My particular challenge in this course were many rounds of drafting and refining. Quite honestly, I find it tedious. However, it is a good opportunity to figure out how to do things differently so that your creation becomes that much better. I've had experience with that in writing, particularly freelance work. You're usually playing with someone else's world, someone else's creation, so if something has to change then you've got to roll with it. You can't afford to be married to your ideas because of that; you have to develop a thicker skin. You've also got to revise and edit as you're asked. That means refining your work, doing multiple drafts, and, as the writers say, kill your darlings.
So how did it all start? With our design philosophies, which I've detailed already. Those words and pictures became the basis for diagrams that would become our final parti drawing.
|The upper left mini typology pic has the final parti; the right shows the first version.|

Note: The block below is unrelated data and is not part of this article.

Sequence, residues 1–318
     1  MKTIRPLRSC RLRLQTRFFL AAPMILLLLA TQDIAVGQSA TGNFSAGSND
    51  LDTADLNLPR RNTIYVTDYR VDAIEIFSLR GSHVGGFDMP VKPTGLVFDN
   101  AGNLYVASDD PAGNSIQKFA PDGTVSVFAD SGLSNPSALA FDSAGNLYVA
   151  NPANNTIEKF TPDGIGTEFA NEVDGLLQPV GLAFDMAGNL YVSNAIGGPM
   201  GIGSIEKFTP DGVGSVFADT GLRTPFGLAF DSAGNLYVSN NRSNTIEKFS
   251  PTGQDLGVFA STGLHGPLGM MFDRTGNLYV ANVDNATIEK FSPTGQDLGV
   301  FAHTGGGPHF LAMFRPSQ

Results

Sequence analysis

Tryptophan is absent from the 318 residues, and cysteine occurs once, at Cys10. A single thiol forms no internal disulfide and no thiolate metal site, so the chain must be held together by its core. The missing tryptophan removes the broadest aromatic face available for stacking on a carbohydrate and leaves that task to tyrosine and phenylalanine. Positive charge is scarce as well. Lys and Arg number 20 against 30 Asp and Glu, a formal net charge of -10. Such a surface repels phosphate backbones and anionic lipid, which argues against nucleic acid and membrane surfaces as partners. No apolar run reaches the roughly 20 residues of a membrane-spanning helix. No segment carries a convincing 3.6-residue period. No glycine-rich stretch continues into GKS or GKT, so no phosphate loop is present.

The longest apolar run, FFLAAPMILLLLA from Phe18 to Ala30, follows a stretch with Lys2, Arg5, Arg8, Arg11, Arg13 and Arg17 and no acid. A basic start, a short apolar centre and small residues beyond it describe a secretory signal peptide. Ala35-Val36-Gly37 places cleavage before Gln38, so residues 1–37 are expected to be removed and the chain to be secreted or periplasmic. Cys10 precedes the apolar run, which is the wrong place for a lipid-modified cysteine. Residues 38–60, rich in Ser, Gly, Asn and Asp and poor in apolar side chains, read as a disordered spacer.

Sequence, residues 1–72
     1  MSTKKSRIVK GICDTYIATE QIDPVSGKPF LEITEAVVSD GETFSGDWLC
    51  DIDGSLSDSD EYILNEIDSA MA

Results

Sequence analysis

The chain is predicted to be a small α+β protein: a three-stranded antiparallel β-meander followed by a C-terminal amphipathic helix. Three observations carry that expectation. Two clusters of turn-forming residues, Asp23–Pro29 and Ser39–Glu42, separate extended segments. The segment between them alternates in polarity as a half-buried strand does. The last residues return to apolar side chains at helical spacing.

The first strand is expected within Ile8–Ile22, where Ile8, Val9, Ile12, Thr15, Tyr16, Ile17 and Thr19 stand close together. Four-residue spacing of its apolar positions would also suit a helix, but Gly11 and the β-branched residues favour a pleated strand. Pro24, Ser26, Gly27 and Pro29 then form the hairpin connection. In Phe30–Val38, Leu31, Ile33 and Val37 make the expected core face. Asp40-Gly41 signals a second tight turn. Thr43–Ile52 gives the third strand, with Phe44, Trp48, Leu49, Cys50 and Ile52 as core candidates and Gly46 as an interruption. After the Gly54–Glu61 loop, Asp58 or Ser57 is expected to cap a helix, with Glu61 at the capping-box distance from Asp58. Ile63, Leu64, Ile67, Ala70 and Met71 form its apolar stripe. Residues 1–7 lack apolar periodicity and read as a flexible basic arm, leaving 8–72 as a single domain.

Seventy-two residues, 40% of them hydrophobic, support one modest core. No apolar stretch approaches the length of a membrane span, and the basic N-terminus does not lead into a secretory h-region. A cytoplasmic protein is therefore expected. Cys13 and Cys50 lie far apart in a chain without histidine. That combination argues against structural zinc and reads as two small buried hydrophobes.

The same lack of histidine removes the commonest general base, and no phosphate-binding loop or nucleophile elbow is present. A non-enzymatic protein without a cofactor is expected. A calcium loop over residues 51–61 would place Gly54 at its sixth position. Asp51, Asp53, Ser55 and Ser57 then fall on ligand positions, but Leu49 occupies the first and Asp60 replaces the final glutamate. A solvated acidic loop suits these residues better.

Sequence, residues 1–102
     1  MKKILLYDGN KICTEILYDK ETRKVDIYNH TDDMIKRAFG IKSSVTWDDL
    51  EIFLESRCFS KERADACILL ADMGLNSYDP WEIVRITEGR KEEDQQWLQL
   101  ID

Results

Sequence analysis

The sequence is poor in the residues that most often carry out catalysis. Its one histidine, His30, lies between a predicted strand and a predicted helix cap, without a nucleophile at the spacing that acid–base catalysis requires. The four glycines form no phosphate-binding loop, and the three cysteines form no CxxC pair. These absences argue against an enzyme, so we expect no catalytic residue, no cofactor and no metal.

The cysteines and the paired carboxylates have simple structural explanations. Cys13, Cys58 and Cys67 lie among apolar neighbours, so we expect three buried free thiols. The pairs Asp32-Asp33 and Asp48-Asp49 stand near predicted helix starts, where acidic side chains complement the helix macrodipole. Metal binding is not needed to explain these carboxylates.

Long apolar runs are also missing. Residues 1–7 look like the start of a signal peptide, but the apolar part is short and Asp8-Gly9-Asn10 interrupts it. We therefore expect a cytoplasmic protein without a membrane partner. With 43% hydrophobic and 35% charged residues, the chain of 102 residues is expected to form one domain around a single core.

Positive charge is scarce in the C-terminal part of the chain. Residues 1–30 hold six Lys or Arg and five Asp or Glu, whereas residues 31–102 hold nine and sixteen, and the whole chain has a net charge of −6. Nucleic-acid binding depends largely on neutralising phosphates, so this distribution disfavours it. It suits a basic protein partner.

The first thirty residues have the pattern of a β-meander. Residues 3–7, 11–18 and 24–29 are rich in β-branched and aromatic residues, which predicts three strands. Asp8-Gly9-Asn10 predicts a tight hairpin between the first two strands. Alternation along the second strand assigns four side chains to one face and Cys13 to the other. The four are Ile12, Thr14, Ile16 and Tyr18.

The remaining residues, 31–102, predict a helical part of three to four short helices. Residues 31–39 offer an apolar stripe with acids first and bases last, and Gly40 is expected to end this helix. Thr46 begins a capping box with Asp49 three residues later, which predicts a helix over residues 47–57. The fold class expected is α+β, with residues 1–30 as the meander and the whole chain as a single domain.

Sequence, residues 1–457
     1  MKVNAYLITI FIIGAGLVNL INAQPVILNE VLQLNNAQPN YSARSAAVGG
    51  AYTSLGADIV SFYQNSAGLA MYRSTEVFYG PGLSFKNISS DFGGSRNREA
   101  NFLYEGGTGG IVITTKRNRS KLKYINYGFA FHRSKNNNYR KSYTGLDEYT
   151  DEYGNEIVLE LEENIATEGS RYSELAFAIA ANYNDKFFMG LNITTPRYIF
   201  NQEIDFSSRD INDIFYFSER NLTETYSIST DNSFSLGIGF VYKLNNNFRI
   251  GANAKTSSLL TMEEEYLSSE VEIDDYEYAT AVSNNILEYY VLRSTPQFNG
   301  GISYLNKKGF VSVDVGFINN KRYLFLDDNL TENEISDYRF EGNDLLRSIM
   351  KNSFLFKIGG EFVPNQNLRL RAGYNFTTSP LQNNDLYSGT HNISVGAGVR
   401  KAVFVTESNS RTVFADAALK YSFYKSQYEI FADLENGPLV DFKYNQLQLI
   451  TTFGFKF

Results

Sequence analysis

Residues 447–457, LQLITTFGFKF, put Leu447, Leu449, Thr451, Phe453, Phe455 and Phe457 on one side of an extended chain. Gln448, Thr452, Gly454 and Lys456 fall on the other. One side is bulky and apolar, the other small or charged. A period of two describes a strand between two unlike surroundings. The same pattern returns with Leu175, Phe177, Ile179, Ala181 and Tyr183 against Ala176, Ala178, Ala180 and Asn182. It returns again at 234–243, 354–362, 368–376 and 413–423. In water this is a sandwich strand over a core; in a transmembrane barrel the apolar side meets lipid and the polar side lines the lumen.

Then we were asked to make the leap from concept to functionality. It was a pretty big leap, so naturally folks had to go through a few critiques. I went through a lot of critiques. I think the end result, however, turned out well.
So what does this look like three dimensionally? Take a look.
|My barn door!|
|The sofa/bed. (It converts.)|
|Finished! From concept to reality.|
What I take from this class is a need for flexibility, patience, and perseverance. It also needs designers to remember those concepts taught in their first design class, the elements and principles of design. All else builds upon that. It's the foundation for everything else.